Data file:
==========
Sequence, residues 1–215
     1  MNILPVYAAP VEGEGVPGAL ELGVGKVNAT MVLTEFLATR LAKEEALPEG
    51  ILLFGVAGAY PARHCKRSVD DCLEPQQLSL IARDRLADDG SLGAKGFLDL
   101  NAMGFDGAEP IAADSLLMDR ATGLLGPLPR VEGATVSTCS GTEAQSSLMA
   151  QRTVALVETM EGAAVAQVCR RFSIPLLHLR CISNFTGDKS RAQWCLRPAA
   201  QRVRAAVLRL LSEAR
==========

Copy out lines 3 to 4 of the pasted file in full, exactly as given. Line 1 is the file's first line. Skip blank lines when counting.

    51  ILLFGVAGAY PARHCKRSVD DCLEPQQLSL IARDRLADDG SLGAKGFLDL
   101  NAMGFDGAEP IAADSLLMDR ATGLLGPLPR VEGATVSTCS GTEAQSSLMA